In Christ, we find a wonderful leader, kind-heart servant, advocate, and a protector of peoples. He is perfect the embodiment of strength, wisdom, and integrity. He is slow to anger, full of love, honesty, patience, and mission-mindedness. He is infinitely strong, and yet, gentle and controlled. Not only did Jesus create masculinity, but He also became it in the flesh and preserves it to this day. One could invent many other ways to describe Jesus, but I think you get the idea. It’s this that men should strive to emulate, and it is these traits that we see demonstrated within Frodo and Sam.

Sam and Frodo’s affection for one another isn’t rooted in homosexuality or even effeminacy, but in servant-hearted love. It is a shame that so many only understand love through the context of sex. I touched on it earlier, but I feel the need to state clearly that anyone who says male hugging is effeminate, needs to read the New Testament closely. Consider John 13:23 which reads, “now there leaning on Jesus’ bosom one of his disciples, whom Jesus loved” (KJV). Interestingly, we also find God command, “Rise, Peter; kill and eat” (Acts 10:13, ESV), as well as, Paul instruct the church at Corinth “act like men, be strong” (1 Corinthians 16:13). Both are true. As men seeking to obtain biblical masculinity, we must be both tender and gallant. Our families and churches are starving for men who can be emotionally connected, as well as, moral and stalwart. It this balance in duality, perfected in the person of Jesus, that men should seek.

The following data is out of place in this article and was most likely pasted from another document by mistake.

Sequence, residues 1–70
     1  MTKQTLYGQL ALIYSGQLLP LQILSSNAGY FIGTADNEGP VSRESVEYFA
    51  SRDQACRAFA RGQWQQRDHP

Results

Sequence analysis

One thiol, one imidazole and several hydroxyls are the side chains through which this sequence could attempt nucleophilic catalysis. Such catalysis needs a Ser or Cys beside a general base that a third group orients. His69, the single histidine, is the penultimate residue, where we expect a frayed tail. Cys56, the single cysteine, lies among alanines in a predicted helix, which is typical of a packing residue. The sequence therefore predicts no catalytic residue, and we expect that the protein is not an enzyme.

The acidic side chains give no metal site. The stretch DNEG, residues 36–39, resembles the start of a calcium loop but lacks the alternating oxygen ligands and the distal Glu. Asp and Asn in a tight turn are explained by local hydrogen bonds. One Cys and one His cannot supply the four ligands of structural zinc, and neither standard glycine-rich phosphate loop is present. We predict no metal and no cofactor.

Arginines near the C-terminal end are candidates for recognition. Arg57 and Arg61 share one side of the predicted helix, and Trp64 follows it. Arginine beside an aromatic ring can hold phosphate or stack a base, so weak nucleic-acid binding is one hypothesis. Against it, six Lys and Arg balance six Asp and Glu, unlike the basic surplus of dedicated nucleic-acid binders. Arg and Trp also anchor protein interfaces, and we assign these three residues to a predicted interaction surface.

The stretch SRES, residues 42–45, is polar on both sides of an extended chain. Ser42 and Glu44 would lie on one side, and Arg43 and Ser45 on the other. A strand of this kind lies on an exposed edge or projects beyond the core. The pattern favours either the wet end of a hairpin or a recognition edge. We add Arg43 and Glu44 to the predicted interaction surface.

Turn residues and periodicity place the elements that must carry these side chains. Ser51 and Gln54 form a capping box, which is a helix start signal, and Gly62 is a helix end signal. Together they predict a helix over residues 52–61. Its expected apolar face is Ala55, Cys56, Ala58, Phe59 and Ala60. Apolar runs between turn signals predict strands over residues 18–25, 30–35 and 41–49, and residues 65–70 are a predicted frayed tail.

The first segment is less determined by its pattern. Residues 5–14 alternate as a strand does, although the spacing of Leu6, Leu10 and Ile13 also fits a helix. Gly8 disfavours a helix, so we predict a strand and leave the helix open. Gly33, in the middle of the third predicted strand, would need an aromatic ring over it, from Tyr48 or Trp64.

For those who desire deep masculine relationships, we must turn to Jesus. He had friends whom He loved, but he also felt the deep despair of loneliness. Let us not forget the night in The Garden of Gethsemane. He longed for His friends to simply stay awake and comfort Him, and they could do nothing but sleep. For, as the word of God says, “We do not have a high priest who is unable to sympathize with our weaknesses, but one who in every respect has been tempted as we are, yet without sin” (Hebrews 4:15, ESV). He recognizes and can offer aid in our darkest moments of hopelessness. Seek Him, trust Him and offer your vulnerability to Him. You will find no better friend than Jesus Christ.